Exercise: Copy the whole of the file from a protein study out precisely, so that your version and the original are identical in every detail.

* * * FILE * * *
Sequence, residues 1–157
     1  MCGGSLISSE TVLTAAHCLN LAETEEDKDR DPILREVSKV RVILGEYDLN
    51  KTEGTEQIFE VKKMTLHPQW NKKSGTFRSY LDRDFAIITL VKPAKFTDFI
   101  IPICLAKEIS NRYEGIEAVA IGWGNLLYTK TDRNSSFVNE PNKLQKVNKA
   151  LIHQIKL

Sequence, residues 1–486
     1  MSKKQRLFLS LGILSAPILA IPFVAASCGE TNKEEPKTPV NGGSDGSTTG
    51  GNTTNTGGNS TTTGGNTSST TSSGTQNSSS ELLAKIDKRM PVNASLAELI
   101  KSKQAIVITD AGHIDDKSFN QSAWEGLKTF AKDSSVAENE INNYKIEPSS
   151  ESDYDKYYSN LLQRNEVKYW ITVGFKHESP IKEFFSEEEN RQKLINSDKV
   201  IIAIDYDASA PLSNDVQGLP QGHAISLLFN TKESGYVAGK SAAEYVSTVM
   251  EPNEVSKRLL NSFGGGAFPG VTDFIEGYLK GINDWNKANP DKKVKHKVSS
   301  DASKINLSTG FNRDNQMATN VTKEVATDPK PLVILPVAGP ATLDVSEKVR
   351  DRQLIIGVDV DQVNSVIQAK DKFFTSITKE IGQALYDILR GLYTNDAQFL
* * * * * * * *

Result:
Sequence, residues 1–157
     1  MCGGSLISSE TVLTAAHCLN LAETEEDKDR DPILREVSKV RVILGEYDLN
    51  KTEGTEQIFE VKKMTLHPQW NKKSGTFRSY LDRDFAIITL VKPAKFTDFI
   101  IPICLAKEIS NRYEGIEAVA IGWGNLLYTK TDRNSSFVNE PNKLQKVNKA
   151  LIHQIKL

Sequence, residues 1–486
     1  MSKKQRLFLS LGILSAPILA IPFVAASCGE TNKEEPKTPV NGGSDGSTTG
    51  GNTTNTGGNS TTTGGNTSST TSSGTQNSSS ELLAKIDKRM PVNASLAELI
   101  KSKQAIVITD AGHIDDKSFN QSAWEGLKTF AKDSSVAENE INNYKIEPSS
   151  ESDYDKYYSN LLQRNEVKYW ITVGFKHESP IKEFFSEEEN RQKLINSDKV
   201  IIAIDYDASA PLSNDVQGLP QGHAISLLFN TKESGYVAGK SAAEYVSTVM
   251  EPNEVSKRLL NSFGGGAFPG VTDFIEGYLK GINDWNKANP DKKVKHKVSS
   301  DASKINLSTG FNRDNQMATN VTKEVATDPK PLVILPVAGP ATLDVSEKVR
   351  DRQLIIGVDV DQVNSVIQAK DKFFTSITKE IGQALYDILR GLYTNDAQFL